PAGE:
At this point, I’m ready to reveal the prize I mentioned earlier:
I am offering a US$100 award for a proof of the 4M-4 Conjecture. Additionally, I am offering a can of Coca-Cola for a disproof of the conjecture.
Yes, this pales in comparison to the wagers of Scott Aaronson, who inspired the following disclaimer:
This award has no time limit other than my death, and is entirely at my discretion (though if you want to convince me of your proof, a good approach would be to publish it in a peer-reviewed journal article). I might, also at my discretion, decide to split the award among several people or groups, or give a smaller award for partial progress (half a Coke?). I don’t promise to read every claimed proof that’s emailed to me. The prize amount will not be adjusted for inflation.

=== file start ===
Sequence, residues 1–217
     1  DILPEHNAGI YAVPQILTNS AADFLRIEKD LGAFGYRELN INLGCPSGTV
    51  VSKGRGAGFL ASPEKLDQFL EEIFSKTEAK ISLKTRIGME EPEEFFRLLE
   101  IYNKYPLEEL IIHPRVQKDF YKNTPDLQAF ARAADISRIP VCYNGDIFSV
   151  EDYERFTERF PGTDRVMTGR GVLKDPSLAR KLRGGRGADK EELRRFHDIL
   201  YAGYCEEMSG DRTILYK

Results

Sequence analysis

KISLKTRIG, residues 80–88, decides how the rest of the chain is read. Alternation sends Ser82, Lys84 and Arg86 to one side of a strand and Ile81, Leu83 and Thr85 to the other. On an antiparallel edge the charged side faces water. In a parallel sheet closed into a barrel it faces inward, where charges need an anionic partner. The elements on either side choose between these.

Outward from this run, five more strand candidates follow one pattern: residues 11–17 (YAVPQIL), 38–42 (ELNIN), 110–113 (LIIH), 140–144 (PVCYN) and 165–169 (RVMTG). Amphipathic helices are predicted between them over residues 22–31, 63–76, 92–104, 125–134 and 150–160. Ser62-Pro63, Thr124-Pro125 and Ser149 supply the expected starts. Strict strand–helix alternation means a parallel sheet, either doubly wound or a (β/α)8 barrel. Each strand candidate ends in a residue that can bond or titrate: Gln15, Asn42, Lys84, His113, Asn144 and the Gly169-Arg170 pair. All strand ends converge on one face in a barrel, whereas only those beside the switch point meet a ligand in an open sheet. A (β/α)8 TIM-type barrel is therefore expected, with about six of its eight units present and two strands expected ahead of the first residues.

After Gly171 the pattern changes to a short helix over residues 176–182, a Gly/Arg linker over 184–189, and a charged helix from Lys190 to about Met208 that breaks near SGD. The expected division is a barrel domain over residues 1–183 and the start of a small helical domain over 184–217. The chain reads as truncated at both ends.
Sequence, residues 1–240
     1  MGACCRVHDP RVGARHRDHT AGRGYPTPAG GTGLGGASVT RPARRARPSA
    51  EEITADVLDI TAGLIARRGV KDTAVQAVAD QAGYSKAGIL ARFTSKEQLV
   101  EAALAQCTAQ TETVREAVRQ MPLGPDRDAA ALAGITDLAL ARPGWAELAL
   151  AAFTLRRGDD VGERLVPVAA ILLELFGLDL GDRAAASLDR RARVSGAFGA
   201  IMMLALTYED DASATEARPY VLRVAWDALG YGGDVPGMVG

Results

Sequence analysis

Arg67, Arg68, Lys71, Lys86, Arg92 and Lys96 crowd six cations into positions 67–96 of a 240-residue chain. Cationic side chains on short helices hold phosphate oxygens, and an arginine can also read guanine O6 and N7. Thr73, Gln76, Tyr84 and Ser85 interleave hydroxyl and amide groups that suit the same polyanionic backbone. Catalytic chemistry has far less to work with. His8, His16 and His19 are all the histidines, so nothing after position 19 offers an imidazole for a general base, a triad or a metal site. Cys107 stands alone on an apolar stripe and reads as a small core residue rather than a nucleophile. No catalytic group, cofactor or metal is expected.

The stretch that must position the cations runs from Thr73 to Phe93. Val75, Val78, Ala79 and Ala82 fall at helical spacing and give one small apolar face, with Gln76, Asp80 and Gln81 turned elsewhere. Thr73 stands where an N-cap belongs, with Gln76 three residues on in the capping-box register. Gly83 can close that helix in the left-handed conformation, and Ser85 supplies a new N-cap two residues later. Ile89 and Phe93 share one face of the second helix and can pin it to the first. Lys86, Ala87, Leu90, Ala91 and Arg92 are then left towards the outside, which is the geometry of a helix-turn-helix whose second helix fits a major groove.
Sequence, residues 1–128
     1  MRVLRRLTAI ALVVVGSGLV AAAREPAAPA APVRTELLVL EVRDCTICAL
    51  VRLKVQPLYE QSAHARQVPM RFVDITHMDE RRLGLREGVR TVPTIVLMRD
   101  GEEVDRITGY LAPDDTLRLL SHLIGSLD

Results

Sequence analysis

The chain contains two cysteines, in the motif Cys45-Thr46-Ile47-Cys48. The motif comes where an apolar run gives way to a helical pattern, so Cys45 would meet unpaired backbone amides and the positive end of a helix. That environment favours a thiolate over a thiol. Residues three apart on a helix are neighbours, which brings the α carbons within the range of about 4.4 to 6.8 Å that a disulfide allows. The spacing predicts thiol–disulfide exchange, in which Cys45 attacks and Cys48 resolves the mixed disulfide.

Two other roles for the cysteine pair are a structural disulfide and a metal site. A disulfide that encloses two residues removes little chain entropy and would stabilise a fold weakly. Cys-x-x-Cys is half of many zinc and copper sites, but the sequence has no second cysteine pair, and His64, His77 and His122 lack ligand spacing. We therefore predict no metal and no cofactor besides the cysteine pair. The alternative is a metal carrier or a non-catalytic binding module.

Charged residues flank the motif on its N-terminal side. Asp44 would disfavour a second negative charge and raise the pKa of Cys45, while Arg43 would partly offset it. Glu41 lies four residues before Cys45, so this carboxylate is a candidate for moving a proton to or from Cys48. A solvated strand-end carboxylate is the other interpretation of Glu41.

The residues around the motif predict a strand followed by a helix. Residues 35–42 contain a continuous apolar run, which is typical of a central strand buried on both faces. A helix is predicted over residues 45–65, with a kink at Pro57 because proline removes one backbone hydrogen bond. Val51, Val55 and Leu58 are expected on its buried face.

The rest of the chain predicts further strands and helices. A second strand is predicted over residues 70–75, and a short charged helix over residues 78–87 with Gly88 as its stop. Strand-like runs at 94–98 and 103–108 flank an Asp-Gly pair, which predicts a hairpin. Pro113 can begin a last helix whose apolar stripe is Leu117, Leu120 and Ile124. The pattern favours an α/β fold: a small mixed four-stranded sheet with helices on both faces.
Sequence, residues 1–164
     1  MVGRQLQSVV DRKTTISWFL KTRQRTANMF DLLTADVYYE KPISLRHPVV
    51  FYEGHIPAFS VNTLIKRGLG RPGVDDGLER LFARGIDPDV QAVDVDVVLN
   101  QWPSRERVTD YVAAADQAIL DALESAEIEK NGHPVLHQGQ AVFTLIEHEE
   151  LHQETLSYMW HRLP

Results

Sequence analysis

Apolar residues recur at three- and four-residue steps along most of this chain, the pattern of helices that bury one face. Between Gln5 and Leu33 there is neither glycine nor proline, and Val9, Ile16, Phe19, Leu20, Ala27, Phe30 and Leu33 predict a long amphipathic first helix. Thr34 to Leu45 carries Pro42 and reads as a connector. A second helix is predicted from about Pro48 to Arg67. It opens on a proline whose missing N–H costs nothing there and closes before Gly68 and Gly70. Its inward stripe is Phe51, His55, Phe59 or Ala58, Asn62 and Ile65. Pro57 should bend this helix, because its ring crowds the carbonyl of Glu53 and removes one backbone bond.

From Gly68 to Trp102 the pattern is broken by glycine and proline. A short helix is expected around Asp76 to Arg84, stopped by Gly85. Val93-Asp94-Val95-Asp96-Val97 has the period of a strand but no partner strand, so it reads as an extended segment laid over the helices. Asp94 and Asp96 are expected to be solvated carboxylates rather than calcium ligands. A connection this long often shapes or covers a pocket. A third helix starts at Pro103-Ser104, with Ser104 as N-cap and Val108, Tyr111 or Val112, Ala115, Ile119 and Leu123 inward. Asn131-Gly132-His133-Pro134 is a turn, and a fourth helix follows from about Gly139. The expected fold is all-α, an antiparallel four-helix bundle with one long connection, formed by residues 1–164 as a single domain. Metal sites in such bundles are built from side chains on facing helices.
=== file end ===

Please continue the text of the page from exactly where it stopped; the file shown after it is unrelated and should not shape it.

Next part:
For the record, these prizes are not a reflection of my belief in whether the 4M-4 Conjecture is true—I definitely believe the conjecture. Rather, the prizes are scaled according to how much I would value the requisite mathematics. For example, I suspect that a proof of part (a) of the conjecture will constitute a substantial contribution to mathematics, especially compared to a sneaky counterexample (can you find vectors that lend injectivity?). Granted, a sneaky construction would conceivably prompt a refinement to the conjecture, which I think is definitely worth a can of Coke. Between the two parts of the conjecture, I think part (b) is the lower-hanging fruit: It suffices to find a polynomial for which noninjective ensembles are zeros (such a polynomial is necessarily nontrivial since the Bodmann-Hammen construction forces the polynomial to be nonzero at some point). On the other hand, proving part (a) will be an improvement to the leading lower bound, which is based on some serious work in K-theory.